Talk about baptism by fire. In his first tournament after
deciding to try his hand on the PBA tour, C.K. Moore, a
Presbyterian minister, competed on national television against
bowling superstar Parker Bohn III at the Columbia 300 Open in
Austin. In the opening frame of the match, Moore scored an
improbable strike when the headpin rolled around on the back of
the deck before finally clipping the last pin standing. After
that stroke of luck, Moore threw 11 more strikes to become the
first rookie to bowl a televised 300 game. In addition to
collecting $22,000 the next day for winning the tournament,
Moore earned a $25,000 bonus from the Highland Lanes in Austin
for bowling a perfect game on TV.
"I was in such disbelief that I really don't remember the 300
game that well, even when I watch it on tape," Moore says. After
the tournament he misplaced his wallet and had to use his
picture from the local newspaper as identification when he
boarded his flight for the next tour stop, in Reno.
Moore recovered his billfold and subsequently proved that his
initial success as a professional was not mere luck. At year's
end the Rev, as his colleagues on the tour call him, came within
one strike of winning a second tournament. His prize money for
the season totaled $67,945, a rookie record, and he qualified
for Brunswick's World Tournament of Champions. Moore was the
tour's 1996 rookie of the year.
Not bad for a 39-year-old late bloomer who had spent the
previous five years delivering sermons and working with youth
groups at the Westminster Presbyterian Church in sleepy
Chehalis, Wash. (pop. 7,000). "I had been bowling competitively
since junior high and had been thinking about turning pro for a
long time," says Moore, who also played baseball in high school,
in Sacramento. "In the end, I didn't want to always say,
'Woulda, shoulda, coulda.'"
He credits his wife, Rebecca Kirk, the daughter of his piano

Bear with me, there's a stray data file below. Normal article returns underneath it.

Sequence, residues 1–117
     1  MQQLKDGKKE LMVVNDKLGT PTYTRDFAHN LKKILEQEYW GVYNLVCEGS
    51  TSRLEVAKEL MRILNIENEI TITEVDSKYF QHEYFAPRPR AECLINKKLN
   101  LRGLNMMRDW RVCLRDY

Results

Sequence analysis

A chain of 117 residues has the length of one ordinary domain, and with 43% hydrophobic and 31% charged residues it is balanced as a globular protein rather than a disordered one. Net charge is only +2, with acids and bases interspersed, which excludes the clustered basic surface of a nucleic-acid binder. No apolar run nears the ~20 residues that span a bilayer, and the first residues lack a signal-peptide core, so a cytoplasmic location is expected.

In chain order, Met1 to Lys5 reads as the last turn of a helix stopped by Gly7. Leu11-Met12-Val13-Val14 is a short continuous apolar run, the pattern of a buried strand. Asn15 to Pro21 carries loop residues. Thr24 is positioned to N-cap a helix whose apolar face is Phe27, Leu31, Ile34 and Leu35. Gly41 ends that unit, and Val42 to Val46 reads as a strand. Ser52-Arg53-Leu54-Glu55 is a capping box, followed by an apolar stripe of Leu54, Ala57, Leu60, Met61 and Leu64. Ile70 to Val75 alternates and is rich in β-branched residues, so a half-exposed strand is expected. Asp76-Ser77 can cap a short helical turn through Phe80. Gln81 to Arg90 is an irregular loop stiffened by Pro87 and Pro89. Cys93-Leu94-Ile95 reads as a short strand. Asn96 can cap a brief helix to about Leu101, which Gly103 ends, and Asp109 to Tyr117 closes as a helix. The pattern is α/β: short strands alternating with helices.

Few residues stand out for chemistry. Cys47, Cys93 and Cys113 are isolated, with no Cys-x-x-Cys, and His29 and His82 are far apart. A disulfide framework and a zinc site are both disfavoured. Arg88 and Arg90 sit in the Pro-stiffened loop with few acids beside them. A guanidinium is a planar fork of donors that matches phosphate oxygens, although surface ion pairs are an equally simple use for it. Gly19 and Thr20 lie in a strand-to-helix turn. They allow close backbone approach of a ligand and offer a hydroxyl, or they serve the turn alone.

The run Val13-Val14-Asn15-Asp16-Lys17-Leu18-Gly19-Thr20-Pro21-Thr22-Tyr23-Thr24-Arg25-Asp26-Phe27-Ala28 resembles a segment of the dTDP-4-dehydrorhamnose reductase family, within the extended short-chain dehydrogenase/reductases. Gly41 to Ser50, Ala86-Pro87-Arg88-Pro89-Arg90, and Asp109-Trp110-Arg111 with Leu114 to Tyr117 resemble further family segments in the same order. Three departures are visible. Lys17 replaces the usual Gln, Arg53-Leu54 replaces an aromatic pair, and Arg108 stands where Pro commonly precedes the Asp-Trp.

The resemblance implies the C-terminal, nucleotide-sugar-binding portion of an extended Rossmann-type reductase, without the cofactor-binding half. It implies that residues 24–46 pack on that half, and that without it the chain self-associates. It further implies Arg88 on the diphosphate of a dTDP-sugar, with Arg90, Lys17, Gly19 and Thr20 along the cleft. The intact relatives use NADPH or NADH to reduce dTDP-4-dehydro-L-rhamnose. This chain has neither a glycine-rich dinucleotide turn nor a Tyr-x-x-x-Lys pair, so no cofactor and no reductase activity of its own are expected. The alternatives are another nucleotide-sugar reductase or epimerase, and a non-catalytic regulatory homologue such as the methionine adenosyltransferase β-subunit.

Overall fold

teacher and a self-employed international education consultant
who is fluent in four languages, "for encouraging me to follow
Before the official job change, Moore passed the collection
plate, so to speak, to raise money to cover his expenses. He
sold $1,000 shares in his career to 17 community business
people. It wasn't just because he is a pleasant fellow that he
had little trouble finding investors. In 1995 Moore took his
youth group to a bowling alley and reluctantly filled in when
one of the kids took ill. Using a house ball and wearing hiking
boots, he rolled a 300 game, the "20th or so" of his career, he
says. So last January, four weeks after marrying Rebecca, C.K.
resigned as an associate pastor and hit the road. "Life on the
tour is pretty much what I expected," he says. "You just need to
treat it like a job that you take seriously."
When Moore is home in Chehalis, which is halfway between
Portland and Seattle, he plays basketball and lifts weights at
the gym and bowls six times a week. (You can guess on which day
he rests.) Standing 6'3" and built like one of the Douglas firs
at the timber yard down the street from his house, Moore does
not want for power. But synthetic surfaces give him trouble. "I
have a long swing, and the ball skids down the lane faster than
it does on wood," he says. "Mostly, though, I need to work on
In competition, Moore, whose initials stand for Charles Kenneth,
bowls with a somber visage. He takes a deep breath and wipes his
16-pound ball before letting fly. He is without spiritual
pretensions. "It's hard to be superstitious and be a minister,"
he says. "Besides, I don't think God plays favorites."
Moore leads Bible study for other holy rollers on the tour but
otherwise avoids waxing evangelical. "I don't go around
preaching to the guys, and they're not trying to shove drinks
into my hand," he says. "I just happen to be a pastor who bowls."
Bowling's rookie-of-the-year distinction doesn't bring with it a
long-term contract, a windfall of endorsements or many other
guarantees. "I know that winning an award in 1996 doesn't do a
thing for me in 1997," Moore says. "I have goals for this year,
and in December my wife and I will sit down and ask ourselves
where we go from there. Right now, though, we're still in a
state of wonderment."